An October 9th Editorial at the Times Argus pulls no punches in addressing the latest scheme of Iberdrola / Avangrid to influence the November vote in Grafton and Windham.
Iberdrola / Avangrid’s actions “raise serious concerns,” writes the Editors of the Argus, after Iberdrola / Avangrid announced last week that they would give registered voters individual, annual payments if they vote “yes” to the wind project and then opt-in to the payments.
Writes the Argus:
The company would also be contributing property tax revenue to the town and other payments, providing a significant share of municipal revenues. But the payments to registered voters would go a step further. How is it not a bribe? How it is it not the buying of votes?…
Sensing that the wind was blowing against them, Iberdrola has decided to pay off the voters. That is an astonishing corruption of the democratic process.
Not that it should come as a surprise to anyone, however. Iberdrola is currently the target of multiple fraud and corruption cases across Europe and in the US. In Spain, Iberdrola is currently appealling a $27M fine for market manipulation. It’s received millions of dollars in fines and is facing tens of millions in proposed fines. It’s been banned from World Bank financing. As Connecticut’s New Haven Register suggests, the only reason Iberdrola recently adopted “Avangrid” as their US name, is Iberdrola has become synonymous with corruption.
Why should Vermont voters expect anything different? Indeed, just a few weeks ago Vermonters got a taste of how deeply Iberdrola / Avangrid has undermined the state and its political process. On Monday, September 19, 2016, VT Governor Peter Shumlin literally flipped the bird to VT residents as Shumlin sped past in his SUV to join Iberdrola / Avangrid in a ceremonial groundbreaking for the $80 million Deerfield Wind project, the first ever commercial wind project to be built in a national forest.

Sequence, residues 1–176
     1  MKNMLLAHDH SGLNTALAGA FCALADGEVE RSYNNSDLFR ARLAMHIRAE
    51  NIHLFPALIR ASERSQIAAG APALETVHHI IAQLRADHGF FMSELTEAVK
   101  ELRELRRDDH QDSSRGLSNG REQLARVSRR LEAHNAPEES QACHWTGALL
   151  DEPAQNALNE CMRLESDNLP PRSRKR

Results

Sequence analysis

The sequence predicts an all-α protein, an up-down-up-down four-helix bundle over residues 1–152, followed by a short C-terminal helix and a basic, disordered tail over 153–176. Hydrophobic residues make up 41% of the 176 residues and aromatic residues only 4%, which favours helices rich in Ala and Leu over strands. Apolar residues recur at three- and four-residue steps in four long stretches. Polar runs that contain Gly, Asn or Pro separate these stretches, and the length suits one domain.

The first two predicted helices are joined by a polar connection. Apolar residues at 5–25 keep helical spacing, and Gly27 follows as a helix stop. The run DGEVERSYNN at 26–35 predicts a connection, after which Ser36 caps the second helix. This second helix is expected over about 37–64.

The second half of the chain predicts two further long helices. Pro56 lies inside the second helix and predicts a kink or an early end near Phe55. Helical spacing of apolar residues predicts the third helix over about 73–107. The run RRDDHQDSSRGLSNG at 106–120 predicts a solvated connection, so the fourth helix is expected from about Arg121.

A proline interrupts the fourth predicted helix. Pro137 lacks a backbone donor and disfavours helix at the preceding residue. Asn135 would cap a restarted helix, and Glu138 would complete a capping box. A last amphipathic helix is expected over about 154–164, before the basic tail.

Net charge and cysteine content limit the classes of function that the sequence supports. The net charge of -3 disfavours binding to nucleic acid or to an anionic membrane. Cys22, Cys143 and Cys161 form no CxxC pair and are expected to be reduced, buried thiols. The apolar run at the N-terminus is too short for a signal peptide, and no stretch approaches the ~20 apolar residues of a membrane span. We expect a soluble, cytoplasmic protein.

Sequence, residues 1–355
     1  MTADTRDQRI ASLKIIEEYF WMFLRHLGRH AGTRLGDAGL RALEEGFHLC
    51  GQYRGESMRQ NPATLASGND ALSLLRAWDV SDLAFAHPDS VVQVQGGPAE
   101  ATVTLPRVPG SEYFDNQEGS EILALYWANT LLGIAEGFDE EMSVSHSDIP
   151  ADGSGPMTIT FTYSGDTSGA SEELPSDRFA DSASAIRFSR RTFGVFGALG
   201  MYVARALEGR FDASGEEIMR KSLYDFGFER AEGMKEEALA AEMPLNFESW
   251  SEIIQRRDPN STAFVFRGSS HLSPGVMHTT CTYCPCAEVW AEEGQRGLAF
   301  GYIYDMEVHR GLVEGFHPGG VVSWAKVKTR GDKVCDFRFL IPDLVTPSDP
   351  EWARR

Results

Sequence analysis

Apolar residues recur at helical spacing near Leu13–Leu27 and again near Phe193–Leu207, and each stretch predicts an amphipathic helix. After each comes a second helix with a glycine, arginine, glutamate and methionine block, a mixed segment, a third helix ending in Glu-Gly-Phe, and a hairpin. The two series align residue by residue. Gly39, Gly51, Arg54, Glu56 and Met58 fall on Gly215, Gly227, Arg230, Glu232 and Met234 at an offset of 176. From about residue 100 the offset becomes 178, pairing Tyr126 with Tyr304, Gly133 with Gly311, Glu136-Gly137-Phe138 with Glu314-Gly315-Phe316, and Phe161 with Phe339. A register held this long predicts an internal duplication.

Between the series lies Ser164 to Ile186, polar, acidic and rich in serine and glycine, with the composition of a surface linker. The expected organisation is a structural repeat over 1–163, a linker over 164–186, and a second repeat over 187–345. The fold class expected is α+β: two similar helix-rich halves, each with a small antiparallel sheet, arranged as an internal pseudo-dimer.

Yes, the finger.
Yes, foreign industrial wind in Vermont’s national forest.
Yes, even though Vermont’s own Fish & Wildlife Department has fought the Deerfield Wind project since the beginning.
Yes, paying residents who vote “yes” to Iberdrola / Avangrid.
No, nothing corrupt here.
At the Chester Telegraph, Windham resident Bill Dunkel explains, in detail, the entire disaster that is now the Vermont political process around corrupt foreign energy companies.
Last Tuesday night, a foreign corporation promised me a minimum of $23,240, as long as voters approve their turbine project in November.
This was done publicly and in writing at an open meeting held at our local elementary school. I was not the only one offered this opportunity. Every registered voter in Windham can get their share of the annual $350,000 Project Partnership Program, provided the referendum goes Iberdrola’s way.
As a prominently displayed sign stated, with the key information in bold print, “Each year the fund will be dispersed evenly among the number of participants in the program, making the yearly payment a minimum of $1,162 per registered voter based upon the current number of registered voters.”
If the turbine project is approved on Nov. 8 and subsequently receives a 20-year Certificate of Public Good by the PSB, I’m in the money to the tune of $23,240 – even more if some people opt out of the program, leaving fewer people to divvy up the spoils of victory.
The dictionary definition of a bribe is “money or favor given or promised in order to influence the judgment or conduct of a person in a position of trust.” The Project Partnership Program offers “direct annual payments” in a blatant effort to influence voters who, in a democracy, are in a position of trust when they go to the polls. This certainly seems to fit the definition of a bribe.
A number of people have asked the Vermont Secretary of State’s Office to investigate whether this scheme violates any campaign laws. Iberdrola is a huge, multinational corporation headquartered in Spain with total assets in excess of $100 billion and an annual net income in 2015 of $2.422 billion. No doubt they have an army of well-paid lawyers on their payroll. Odds are they have found a loophole in ours laws that will allow them to legally dangle this money in front of voters.
But even if this is deemed legal, is it ethical? Does it pass the “smell test?” Do we really want a system that allows any fabulously rich individual or corporate entity to say to Vermont voters, “Here is a huge pot of money, and I will give you some of it as long as this referendum, this ballot issue or this elective office is decided as I wish?”…
The referendum in Windham and Grafton on Nov. 8 is not just about windmills anymore, it’s about the integrity of our electoral process.
Read the rest at the Chester Telegraph.